Victor, I wonder why you seem to be letting the Calvinists get to you?

1. It is unlikely they will change, no matter what you say. I have many Calvinist friends, and most are good people, but I would guess that Reformed christians may be the most obdurate of all people I have met.

2. Their viewpoint is demonstrably inconsistent, in my view, because they hold a "high" view of Scripture (the only and sufficient rule of faith and practice), yet Calvinism, the five points of Calvinism, and all the rest of it are not Biblical doctrines. They are rather doctrines which may be derived from Scripture by (in J Gresham Machen's phrase) "good and necessary consequence". i.e. their reasoning and deduction from Scripture. If your deduction from Scripture is different to theirs, then you have as much right as them. Even though they will claim their view is more Scriptural, they cannot consistently sustain that claim unless they can extract the five points from Scripture verbatim.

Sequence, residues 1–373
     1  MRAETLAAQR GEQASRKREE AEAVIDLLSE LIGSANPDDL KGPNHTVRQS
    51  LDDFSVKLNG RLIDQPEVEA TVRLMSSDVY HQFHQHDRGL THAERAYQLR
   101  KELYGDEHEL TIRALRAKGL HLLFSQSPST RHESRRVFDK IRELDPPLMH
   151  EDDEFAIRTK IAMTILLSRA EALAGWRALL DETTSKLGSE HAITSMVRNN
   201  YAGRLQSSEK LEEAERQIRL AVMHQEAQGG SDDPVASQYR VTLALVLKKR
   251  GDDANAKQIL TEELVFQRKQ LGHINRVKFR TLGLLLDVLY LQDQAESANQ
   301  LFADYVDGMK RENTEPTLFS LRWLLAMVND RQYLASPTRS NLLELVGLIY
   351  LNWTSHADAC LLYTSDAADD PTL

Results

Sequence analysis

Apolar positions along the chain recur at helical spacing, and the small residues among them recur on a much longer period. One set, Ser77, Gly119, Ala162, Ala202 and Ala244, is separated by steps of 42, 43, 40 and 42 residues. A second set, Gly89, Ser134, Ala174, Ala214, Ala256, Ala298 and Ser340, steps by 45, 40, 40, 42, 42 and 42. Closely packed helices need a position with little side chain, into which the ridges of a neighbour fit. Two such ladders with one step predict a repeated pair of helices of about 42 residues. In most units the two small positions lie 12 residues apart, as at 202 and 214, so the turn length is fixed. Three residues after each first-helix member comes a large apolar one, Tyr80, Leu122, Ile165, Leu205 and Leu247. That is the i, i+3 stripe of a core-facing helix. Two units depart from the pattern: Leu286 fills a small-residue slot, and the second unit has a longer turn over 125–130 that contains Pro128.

3. Some of their arguments require one to assume their view is correct. Yes, if God has really revealed that Calvinism is true and the Bible teaches it unambiguously, then we should be faithful to that revelation. But we have to first get to that point (and like you, I don't).

4. I recall CS Lewis's advice, to the effect that, if God and truth seem to be diverging, follow truth, and you will find that is where God was all along.

I don't think arguing or cajoling or using logic will make any difference to them, because their belief system innoculates them against such. You might change the mind of a few onlookers, but surely the more important "battle" is against unbelief?